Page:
The Greenville Zoo has a new baby animal, the first of its kind to be born there in over a decade.
Zoo officials announced on Tuesday, Aug. 7 the arrival of a female Sumatran orangutan born to parents Lana, a 33-year-old female, and Kumar, a 13-year-old male.
It is the first orangutan birth at the Greenville Zoo in 12 years, according to administrator Jeff Bullock. The last orangutan born at the zoo was Bob, a male Bornean orangutan born to parents Mia and Chelsea in 2006. All three orangutans have since been transferred to other zoos.
Lana and her 2.9-pound newborn appear to be healthy, according to Bullock. But a birth management team of seven staff members will care for the newborn until Lana has recovered from the cesarean section she underwent on Monday night.
Bullock said Lana began showing signs of labor around 10 p.m. Monday but began to tire as her contractions became more intense and the intervals shorter.
The zoo’s staff members discussed the changes with local medical consultants, including an obstetrician-gynecologist and neonatologist, and decided to transfer Lana to a local veterinary hospital for the C-section, according to the release.
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Lana has since been monitored and provided with medication to help manage the pain from the surgery as she comes out of the anesthesia, according to the release.
The birth management team will work in shifts around the clock, caring for and feeding the newborn orangutan until Lana is well enough to do so.
Once Lana and her baby are reunited, they will be separated from Kumar and put into a den that’s “baby-proofed” with padded floors and cleared of shelving and climbing materials, Bullock told the Greenville Journal earlier this year.
In preparation for the birth, the zoo’s keepers started training Lana to hold and nurse her newborn by using a stuffed-animal orangutan.
If Lana rejects her baby or is unable to provide proper maternal care, the zoo said it will explore options such as partial hand-rearing or identifying a surrogate mother orangutan at another zoo accredited by the Association of Zoos and Aquariums.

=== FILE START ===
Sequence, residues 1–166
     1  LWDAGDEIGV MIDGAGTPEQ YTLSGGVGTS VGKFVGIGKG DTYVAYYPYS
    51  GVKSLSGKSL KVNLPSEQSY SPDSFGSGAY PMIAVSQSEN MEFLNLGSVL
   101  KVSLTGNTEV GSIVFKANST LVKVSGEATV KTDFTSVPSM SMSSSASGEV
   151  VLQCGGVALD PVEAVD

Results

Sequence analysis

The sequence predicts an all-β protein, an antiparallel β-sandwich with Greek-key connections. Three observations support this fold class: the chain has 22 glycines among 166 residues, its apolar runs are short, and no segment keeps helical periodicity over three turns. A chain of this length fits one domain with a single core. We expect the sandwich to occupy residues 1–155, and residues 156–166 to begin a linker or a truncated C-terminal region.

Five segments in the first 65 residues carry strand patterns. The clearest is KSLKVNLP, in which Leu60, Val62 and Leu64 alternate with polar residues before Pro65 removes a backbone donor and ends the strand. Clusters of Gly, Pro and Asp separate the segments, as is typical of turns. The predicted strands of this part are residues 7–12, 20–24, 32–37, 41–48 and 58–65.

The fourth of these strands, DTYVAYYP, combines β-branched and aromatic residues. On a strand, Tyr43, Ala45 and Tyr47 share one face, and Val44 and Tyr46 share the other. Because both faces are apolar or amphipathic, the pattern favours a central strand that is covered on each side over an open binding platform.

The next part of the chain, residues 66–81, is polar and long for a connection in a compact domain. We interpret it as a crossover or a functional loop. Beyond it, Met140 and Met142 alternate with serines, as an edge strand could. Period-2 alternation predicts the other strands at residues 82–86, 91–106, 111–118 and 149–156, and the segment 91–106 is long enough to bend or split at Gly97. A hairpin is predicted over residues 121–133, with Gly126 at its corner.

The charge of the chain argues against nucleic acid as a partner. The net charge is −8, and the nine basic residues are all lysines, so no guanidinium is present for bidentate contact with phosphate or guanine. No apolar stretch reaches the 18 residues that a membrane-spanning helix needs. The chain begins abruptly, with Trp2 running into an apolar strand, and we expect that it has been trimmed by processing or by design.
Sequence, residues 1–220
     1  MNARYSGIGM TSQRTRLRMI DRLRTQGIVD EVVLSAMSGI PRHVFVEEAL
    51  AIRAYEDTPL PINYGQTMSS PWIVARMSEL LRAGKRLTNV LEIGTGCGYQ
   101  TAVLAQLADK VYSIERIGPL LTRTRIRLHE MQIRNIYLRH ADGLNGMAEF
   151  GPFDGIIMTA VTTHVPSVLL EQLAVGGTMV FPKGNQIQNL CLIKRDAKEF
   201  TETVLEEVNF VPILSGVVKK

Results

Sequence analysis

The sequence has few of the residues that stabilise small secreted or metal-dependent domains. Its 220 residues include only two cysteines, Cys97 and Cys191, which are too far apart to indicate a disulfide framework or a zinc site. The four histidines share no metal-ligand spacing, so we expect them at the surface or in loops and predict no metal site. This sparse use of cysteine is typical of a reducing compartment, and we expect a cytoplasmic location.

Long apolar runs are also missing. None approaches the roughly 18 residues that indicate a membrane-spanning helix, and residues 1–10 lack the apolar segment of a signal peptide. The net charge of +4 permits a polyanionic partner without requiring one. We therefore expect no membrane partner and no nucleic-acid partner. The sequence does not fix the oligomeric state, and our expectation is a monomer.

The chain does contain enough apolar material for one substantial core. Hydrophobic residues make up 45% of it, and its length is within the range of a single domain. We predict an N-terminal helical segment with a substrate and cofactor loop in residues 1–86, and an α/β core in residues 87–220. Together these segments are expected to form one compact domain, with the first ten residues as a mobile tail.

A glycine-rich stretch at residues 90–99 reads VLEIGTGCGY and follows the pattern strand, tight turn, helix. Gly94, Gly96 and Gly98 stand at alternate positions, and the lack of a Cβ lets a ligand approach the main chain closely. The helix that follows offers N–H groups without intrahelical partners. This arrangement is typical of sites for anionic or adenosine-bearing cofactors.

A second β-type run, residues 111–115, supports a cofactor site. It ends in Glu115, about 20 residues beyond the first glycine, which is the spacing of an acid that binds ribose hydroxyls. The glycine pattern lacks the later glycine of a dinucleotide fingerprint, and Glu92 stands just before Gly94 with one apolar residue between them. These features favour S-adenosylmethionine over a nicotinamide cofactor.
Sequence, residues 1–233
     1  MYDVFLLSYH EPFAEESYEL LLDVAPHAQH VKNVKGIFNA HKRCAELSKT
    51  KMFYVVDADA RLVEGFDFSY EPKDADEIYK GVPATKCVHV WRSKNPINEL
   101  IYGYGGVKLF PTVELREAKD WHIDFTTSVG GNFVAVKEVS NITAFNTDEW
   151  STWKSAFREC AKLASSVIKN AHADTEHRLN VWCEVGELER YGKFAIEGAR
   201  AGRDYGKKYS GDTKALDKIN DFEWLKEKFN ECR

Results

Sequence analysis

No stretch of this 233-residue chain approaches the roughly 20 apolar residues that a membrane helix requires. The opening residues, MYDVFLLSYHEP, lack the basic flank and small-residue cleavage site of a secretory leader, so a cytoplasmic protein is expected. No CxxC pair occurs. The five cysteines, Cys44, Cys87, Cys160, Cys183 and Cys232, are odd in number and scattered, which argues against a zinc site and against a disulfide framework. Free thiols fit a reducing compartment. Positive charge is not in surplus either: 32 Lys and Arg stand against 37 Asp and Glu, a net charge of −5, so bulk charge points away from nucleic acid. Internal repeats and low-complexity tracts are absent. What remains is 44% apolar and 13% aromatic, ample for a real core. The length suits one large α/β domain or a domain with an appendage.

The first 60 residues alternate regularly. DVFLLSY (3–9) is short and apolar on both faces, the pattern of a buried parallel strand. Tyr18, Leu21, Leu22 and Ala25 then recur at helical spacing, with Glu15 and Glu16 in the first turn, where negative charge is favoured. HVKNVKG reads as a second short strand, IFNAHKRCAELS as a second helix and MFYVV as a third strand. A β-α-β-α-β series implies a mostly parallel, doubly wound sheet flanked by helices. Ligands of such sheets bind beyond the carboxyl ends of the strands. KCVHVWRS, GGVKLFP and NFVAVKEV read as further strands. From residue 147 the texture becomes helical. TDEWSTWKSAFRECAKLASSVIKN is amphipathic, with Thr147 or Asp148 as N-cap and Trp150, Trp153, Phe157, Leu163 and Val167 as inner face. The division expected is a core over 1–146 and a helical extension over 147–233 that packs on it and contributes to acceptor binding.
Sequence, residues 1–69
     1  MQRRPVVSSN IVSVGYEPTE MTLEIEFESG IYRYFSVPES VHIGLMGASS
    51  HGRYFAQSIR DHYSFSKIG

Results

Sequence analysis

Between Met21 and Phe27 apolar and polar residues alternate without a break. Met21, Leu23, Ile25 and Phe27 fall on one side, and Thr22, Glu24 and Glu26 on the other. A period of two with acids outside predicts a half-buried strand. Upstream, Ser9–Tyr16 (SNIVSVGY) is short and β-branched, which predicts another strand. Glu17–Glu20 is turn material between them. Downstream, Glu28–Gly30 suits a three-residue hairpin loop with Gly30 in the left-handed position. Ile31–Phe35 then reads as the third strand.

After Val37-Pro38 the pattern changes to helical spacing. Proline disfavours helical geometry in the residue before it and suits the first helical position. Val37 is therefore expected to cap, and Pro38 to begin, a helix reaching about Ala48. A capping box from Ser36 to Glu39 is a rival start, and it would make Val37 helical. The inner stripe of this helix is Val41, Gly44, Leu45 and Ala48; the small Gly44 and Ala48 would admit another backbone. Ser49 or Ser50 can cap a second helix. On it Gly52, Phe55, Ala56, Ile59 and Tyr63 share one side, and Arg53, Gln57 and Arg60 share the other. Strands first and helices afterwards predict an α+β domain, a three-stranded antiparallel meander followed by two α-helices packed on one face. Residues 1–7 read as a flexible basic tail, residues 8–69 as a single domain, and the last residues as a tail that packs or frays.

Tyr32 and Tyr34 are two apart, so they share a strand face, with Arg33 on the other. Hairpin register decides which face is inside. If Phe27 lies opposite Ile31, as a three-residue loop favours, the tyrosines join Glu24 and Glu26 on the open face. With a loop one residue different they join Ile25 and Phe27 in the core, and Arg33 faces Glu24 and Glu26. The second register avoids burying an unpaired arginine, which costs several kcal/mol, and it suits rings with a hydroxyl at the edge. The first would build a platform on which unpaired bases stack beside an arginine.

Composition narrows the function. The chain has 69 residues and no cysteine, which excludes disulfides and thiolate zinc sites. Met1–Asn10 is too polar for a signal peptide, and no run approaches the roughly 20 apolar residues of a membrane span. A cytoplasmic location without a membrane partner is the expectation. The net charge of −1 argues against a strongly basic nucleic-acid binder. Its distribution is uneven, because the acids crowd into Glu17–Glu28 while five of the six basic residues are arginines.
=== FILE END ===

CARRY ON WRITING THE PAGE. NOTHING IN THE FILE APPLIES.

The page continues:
Details about Lana’s recovery and the baby’s progress will be shared in the coming days and additional pictures will be posted and shared on social media, according to the zoo.
Bullock said Lana had never been given an opportunity to reproduce before arriving at the Greenville Zoo. Lana was born at the Audubon Zoo in New Orleans in 1985 and transferred to the Cincinnati Zoo in 1990. She was sent to the Greenville Zoo two years ago on a breeding loan from Cincinnati, according to Bullock.
The Species Survival Program, a program of the Association of Zoos and Aquariums that oversees breeding in accredited facilities to ensure the survival of threatened or endangered species, recommended her as a mate for Kumar. It wasn’t an easy courtship, however.
“Introducing animals can always be tricky,” Bullock told the Greenville Journal earlier this year. “What I think made this situation trickier was the age difference. Kumar is just more active than she is.”
Kumar was born at the Gladys Porter Zoo in Texas in 2005. Since arriving at the Greenville Zoo in 2016, the 13-year-old orangutan has broken out of his enclosure three times. His most recent escape took place in January, when the zoo was closed for annual maintenance.
Despite their differences in personality and age, Lana and Kumar eventually “learned to tolerate one another and were able to set their personal boundaries,” the release said.
In May 2017, the keepers at the Greenville Zoo began to notice the physical characteristics of pregnancy becoming apparent in Lana. A human pregnancy test confirmed she was, indeed, expecting. Lana, however, suffered a miscarriage three months later.
Bullock said the zoo will likely hold a naming contest for Lana’s new baby. Visitors can expect to see the orangutan family together on exhibit this fall or next spring, depending on the weather.
For more information, visit greenvillezoo.com.
Did you know?
Sumatran orangutans are considered one of the world’s 25 most-endangered primates and are listed as critically endangered by the International Union for Conservation of Nature. The population is estimated to be under 15,000 in the wild.
Rampant logging and the rapid expansion of palm-oil plantations have been blamed for destroying their jungle habitat throughout Indonesia, according to Kapustin. Plantation workers and villagers also attack adult orangutans that feed on their crops, while poachers capture babies to sell as exotic pets.